I Hope We Can Be Friends
As I finish my lesson Makiko is waiting for me outside room 13. She is wearing green horn-rimmed glasses, bright-red lipstick and sporting an Asian afro and waving vigorously. I say goodbye to my students, leave the room and walk over to her. She holds a small colorful bag with a Mickey Mouse pattern and as she says hello she holds the bag up to me and enthusiastically says “For you!”
I am always delighted to receive gifts and remember someone telling me that it is rude to open them in front of their presenters so I smile and offer my best surprised “For ME?” look and thank her. I tell her that I will open it later. She nods and says “I hope we can be friends” and I look at this woman who really knows very little about me and I think I might actually tear up. “Be friends? With me?” I think. I thank her again for the gift, offer her a modest hug and tell her “See you later” before slipping past her and heading downstairs to the teachers lounge. Once I sit down and get my files for my next lesson I open the bag to find a handmade card and a small espresso cup filled with candy. She has obviously worked hard on this card and I haven’t received a hand-made card from someone over the age of 10 since I was…umm, maybe 10. The card repeats Makiko’s earlier sentiment “I hope we can be friends” and she has drawn a picture of both of us – Makiko with big red square-shaped glasses and me with no hair – and under these figures she has written “Makiko + Marlen = Tomodachi.”
The majority of my friendships up til this point in my life were started because my friend and I were taking the same classes, working in the same office, or living in the same building. These friendships started because of routine, daily patterns, or economy, and the fact that someone is now inviting me to be their friend is an odd phenomenon. For example, William was my neighbor when I lived in Baltimore and because we shared a love for good red wine, music and psychobabble, and mainly because we figured if we were going to both disturb each other while making music – he on guitar and me on piano – we might as well make the music together, we became friends. Alice and I went to the same graduate school and got to know each other during a counseling convention that we attended together in Pittsburgh. But here is Makiko with her broken English and limited knowledge of who I am and she has decided that she wants me to be a person in her life, well, more than that perhaps, a friend. My self-esteem, though growing stronger these days is still quite fragile and this small gesture of friendship, this hand-made card by a woman older than myself who does not immediately appear to have alterior motives leaves a deep impression.
“My self-esteem, though growing stronger these days is still quite fragile and this small gesture of friendship, this hand-made card by a woman older than myself who does not immediately appear to have alterior motives leaves a deep impression.“
I begin to think that maybe she just wants someone to practice English with, or maybe she is hoping I will give her free lessons. Maybe in Japanese the word “friend” is the same as the English word for “acquaintance” or maybe she doesn’t know I am gay and is interested in having a foreign boyfriend. There could be any number of reasons why this 4’11” person wearing Birkenstock sandals with a Chanel handbag would want to be friends with me but to consider that this reason has anything to do with my personality or character just doesn’t occur to me as a possibility. No, there must be another reason.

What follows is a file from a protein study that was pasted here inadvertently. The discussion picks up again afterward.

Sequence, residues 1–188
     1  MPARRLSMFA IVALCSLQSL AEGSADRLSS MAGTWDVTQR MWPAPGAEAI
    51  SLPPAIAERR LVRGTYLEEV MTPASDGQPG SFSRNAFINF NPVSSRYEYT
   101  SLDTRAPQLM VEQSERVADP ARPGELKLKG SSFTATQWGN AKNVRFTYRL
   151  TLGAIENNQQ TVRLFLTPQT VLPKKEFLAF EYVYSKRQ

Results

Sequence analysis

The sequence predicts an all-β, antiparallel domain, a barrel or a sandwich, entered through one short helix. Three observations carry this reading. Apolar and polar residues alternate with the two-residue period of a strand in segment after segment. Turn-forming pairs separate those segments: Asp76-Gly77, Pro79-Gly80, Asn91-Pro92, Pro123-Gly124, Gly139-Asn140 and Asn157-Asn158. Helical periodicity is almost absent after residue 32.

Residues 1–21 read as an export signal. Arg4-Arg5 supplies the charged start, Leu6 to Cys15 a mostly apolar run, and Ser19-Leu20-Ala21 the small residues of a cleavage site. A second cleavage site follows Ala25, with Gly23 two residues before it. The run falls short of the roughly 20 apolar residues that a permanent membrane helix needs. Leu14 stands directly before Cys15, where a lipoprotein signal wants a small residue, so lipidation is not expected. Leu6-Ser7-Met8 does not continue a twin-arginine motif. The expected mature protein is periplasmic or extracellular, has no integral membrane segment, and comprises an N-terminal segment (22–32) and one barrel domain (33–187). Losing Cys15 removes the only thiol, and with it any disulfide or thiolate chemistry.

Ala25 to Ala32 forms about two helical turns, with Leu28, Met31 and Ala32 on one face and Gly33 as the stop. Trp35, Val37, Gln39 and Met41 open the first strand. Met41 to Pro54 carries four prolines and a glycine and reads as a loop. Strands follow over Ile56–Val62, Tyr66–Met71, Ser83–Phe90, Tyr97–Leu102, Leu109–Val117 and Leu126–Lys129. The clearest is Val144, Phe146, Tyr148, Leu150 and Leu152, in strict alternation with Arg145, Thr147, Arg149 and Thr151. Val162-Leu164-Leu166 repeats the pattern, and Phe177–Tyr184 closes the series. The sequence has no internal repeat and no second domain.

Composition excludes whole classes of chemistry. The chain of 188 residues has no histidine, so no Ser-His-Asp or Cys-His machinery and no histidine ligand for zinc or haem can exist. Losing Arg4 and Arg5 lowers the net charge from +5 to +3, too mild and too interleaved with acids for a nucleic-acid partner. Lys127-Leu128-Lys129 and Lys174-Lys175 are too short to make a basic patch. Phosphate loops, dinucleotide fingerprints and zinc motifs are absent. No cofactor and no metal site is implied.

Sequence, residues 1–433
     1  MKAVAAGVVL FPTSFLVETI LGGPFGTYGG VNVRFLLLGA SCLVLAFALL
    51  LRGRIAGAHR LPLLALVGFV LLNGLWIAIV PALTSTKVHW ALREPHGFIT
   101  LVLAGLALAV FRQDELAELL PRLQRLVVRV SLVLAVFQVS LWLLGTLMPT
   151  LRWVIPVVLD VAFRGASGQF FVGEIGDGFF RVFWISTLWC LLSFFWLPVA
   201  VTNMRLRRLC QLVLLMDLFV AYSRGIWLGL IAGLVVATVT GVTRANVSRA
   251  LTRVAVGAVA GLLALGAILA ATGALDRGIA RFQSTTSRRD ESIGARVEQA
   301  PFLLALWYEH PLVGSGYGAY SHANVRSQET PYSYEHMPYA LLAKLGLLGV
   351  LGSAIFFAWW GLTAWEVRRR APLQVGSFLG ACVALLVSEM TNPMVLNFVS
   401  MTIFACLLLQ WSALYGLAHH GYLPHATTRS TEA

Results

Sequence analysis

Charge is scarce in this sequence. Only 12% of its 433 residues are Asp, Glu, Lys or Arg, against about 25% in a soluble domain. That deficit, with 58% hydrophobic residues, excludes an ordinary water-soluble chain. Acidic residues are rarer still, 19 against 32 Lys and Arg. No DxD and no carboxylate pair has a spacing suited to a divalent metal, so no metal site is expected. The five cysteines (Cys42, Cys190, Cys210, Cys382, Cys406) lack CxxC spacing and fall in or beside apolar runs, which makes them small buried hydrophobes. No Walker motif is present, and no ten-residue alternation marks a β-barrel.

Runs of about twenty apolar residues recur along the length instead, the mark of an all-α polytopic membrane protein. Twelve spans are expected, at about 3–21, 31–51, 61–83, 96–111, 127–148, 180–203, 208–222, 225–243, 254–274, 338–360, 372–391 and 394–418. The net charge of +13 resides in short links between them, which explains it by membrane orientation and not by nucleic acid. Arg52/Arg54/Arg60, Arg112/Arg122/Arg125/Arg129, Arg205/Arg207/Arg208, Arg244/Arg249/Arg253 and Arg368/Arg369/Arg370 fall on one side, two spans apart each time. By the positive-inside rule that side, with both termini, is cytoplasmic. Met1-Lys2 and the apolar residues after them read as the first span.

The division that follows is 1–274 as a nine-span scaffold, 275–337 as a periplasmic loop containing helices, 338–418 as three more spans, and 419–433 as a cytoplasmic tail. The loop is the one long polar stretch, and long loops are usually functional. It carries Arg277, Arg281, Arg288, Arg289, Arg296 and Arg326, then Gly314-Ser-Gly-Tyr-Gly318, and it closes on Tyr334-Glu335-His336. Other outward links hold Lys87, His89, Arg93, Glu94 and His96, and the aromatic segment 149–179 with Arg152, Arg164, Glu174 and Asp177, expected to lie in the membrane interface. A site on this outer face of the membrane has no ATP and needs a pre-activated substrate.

I spend the rest of the day thinking about friendships and how I’ve never really questioned WHY someone would want to be friends with me, but mostly I am just really flattered and happy that someone should feel this way about me. I am reminded of a boy named Francisco who I met in Barcelona when I was 20 and our brief romance one cold Spanish Christmas. He was the first person that truly made me feel as if I was someone worthy of being loved. He spoke no English so he couldn’t learn much about me, well not factual knowledge anyhow because my Spanish was so limited. I tried to communicate this to him one night after he told me he loved me and when I said that he didn’t really know much about me he only said “But we spend time together and I can see you and I can sense you,” or at least that’s what I think he said. He might have said I had a bit of food between my teeth, but I am pretty sure I heard him correctly. I took this as the best possible compliment from a kind, gentle man. I took this to mean that he saw my true character as a result of spending time with me.
Later, at one of our first “friendly” outings to an Indian restaurant in Kyoto I ask Makiko why she wanted to be friends with me. I am hoping for a sense of flattery similar to Francisco’s. I am hoping she has no other foreign friends and that there is something so monumentally impressive and remarkable about me that she just couldn’t continue living without my presence in her life. I am hoping that she tells me I am unique. At first she offers “You are funny type guy,” not exactly what I was hoping for. But she continues “You are good teacher and I felt, nan te yu no…how do you say, I felt relaxing time with you in your lesson.” Wow. It’s the first time as a new teacher that a student has ever thanked me in such a way…or maybe it’s the first time I really heard it.
As I sip my shot glass of water at the Indian restaurant I realize that what I want is reassurance. I want to be reassured that I am of value. I want to be reassured that I am good. And then I realize that what I most want is a tomodachi.